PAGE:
So you have two things going on. Number one is changing the focus away from the blue dog without removing any information. And the second was creating the counterbalance, the weight of evidence that demonstrates that today I’m a digital marketer. And it was a really interesting process that took me in the end, about three months to actually get the blue dog removed from the top of the result, replaced with a digital marketer. The blue dog was still quite dominant. And today you will see it on the search engine results page. I keep saying search engine, on the SERP, on my Brand SERP. And it’s because I was doing an interview with some lawyers just before, so I had to keep saying search engine results page, and I’ve got into the habit.

So Boowa, the blue dog, still appears on the page, but he doesn’t dominate. Digital Marketing dominates. And now we’re looking at it in terms of cohorts. So a cohort is a group of people, companies, or any entity that acts in a predictable manner or will react in a predictable manner to a particular stimulus.

So it’s predictable groups and that’s how Google functions GA 4 functions on cohort analysis. The SERP, the whole page algorithm at Google and Bing work on cohort analysis as much as they work on ranking. So people in SEO or Digital Marketing would think, I just need to rank and everything’s good, forget about the whole page algorithm, which does not only click analysis, mouse movement analysis, but also cohort analysis to understand when something that should rank should not be on the page. So although you’ve won the ranking game, you’ve lost the cohort click user behavior game of the whole page algorithm.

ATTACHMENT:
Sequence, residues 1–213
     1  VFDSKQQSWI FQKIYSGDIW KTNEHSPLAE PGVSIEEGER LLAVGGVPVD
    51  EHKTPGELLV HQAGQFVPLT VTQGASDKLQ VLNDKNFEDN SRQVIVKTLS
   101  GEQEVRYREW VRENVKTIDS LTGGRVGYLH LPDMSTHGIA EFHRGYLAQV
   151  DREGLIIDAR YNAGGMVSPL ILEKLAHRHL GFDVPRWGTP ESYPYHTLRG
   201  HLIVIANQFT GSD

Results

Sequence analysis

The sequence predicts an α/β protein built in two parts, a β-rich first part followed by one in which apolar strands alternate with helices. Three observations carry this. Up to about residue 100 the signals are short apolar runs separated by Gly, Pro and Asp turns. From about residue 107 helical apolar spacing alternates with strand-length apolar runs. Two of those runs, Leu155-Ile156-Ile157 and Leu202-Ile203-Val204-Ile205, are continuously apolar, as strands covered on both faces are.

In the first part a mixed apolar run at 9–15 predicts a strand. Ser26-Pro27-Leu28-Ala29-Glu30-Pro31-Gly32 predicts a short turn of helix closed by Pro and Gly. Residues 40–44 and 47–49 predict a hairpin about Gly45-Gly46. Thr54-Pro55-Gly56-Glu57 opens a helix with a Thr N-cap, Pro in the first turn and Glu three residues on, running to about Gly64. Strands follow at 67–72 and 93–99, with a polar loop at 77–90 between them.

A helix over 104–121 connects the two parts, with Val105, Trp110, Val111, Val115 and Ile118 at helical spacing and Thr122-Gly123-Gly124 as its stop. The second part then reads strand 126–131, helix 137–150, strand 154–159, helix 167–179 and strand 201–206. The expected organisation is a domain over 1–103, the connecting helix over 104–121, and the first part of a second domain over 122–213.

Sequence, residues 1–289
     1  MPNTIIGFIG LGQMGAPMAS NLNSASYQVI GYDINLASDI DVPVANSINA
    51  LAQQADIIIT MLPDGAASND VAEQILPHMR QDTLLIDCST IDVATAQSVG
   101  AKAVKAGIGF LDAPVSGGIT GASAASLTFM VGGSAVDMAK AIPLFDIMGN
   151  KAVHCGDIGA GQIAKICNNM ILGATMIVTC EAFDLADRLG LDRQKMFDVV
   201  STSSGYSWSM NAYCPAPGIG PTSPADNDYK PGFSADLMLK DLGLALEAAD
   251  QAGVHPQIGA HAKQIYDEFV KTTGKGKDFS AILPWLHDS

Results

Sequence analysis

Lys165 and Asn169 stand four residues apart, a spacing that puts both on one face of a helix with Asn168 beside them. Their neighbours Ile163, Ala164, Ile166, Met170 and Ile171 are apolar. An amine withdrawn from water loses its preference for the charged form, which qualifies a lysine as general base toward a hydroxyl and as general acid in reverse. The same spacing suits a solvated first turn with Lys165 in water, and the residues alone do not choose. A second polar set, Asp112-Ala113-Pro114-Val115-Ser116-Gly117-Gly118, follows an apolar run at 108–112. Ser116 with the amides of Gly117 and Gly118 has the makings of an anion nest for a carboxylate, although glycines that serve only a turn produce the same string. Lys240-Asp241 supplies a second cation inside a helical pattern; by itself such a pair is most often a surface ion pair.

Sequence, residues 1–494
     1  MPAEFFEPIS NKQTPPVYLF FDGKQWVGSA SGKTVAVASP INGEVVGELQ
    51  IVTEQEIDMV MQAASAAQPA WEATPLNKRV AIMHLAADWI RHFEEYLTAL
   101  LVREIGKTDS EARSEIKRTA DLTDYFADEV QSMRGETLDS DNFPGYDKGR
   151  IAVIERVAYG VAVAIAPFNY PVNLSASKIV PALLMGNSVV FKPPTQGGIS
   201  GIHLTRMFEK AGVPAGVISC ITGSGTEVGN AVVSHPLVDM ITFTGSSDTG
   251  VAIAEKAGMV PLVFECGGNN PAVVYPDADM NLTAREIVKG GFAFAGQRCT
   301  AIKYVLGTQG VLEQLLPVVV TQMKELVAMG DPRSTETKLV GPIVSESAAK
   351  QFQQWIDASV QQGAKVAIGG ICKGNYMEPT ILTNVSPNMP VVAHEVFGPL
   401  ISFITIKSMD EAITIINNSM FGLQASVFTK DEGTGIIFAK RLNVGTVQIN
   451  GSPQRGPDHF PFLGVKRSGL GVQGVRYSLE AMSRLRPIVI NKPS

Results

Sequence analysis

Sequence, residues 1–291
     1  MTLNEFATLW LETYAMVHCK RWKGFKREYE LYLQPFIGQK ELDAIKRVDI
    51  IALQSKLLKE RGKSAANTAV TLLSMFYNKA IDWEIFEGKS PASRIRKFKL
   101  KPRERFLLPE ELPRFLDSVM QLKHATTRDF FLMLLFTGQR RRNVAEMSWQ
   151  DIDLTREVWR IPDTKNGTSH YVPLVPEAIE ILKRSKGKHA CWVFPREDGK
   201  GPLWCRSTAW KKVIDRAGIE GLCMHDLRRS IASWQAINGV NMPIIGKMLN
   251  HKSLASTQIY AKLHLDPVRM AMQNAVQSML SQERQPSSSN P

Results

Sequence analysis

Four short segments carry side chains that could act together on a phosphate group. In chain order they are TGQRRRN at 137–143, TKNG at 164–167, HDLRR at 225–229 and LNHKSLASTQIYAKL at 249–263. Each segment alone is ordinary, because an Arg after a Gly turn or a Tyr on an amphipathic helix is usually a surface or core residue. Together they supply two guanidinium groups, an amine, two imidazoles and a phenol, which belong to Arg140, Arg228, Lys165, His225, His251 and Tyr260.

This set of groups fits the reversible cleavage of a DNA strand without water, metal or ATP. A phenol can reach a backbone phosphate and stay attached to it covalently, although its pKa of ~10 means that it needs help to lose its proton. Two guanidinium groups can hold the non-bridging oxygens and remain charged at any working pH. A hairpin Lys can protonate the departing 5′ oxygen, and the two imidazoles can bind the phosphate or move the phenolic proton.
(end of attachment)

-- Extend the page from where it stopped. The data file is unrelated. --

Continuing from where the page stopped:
And just to quickly explain that is Nathan Chalmers, who is the whole page algorithm guy at Bing, explained to me exactly how it works. Is that you have the different algorithms that will rank content, but at the end of the day, the whole page algorithm is designing the products that Bing is selling, which is the search results, and it has veto right on everything, and it has promotion rights on everything.

So if it decides that a result is on page two, but it should be on page one, it can simply move it up. So you might have won the ranking game, but you may well lose the whole page game. 

[00:13:12] Doug Cunnington:

Just a side tangent here in preparation for doing this interview, I Googled myself, which honestly, I do it every day.